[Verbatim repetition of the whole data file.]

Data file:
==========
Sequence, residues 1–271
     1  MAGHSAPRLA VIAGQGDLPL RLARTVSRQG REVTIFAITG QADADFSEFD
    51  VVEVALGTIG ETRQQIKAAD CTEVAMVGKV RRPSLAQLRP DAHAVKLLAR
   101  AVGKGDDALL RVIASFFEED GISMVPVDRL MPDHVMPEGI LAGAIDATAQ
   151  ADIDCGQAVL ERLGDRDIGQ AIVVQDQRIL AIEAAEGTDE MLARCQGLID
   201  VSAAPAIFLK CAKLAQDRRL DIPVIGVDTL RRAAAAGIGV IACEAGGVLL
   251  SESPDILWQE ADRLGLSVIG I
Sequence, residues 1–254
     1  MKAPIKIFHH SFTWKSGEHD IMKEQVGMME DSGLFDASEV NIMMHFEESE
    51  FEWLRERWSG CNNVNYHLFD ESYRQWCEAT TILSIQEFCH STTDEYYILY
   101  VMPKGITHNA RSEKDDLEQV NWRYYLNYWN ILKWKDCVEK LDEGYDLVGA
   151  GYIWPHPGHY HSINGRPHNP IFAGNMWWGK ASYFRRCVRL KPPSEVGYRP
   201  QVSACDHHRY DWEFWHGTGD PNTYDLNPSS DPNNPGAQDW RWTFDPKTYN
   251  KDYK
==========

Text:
Sequence, residues 1–271
     1  MAGHSAPRLA VIAGQGDLPL RLARTVSRQG REVTIFAITG QADADFSEFD
    51  VVEVALGTIG ETRQQIKAAD CTEVAMVGKV RRPSLAQLRP DAHAVKLLAR
   101  AVGKGDDALL RVIASFFEED GISMVPVDRL MPDHVMPEGI LAGAIDATAQ
   151  ADIDCGQAVL ERLGDRDIGQ AIVVQDQRIL AIEAAEGTDE MLARCQGLID
   201  VSAAPAIFLK CAKLAQDRRL DIPVIGVDTL RRAAAAGIGV IACEAGGVLL
   251  SESPDILWQE ADRLGLSVIG I
Sequence, residues 1–254
     1  MKAPIKIFHH SFTWKSGEHD IMKEQVGMME DSGLFDASEV NIMMHFEESE
    51  FEWLRERWSG CNNVNYHLFD ESYRQWCEAT TILSIQEFCH STTDEYYILY
   101  VMPKGITHNA RSEKDDLEQV NWRYYLNYWN ILKWKDCVEK LDEGYDLVGA
   151  GYIWPHPGHY HSINGRPHNP IFAGNMWWGK ASYFRRCVRL KPPSEVGYRP
   201  QVSACDHHRY DWEFWHGTGD PNTYDLNPSS DPNNPGAQDW RWTFDPKTYN
   251  KDYK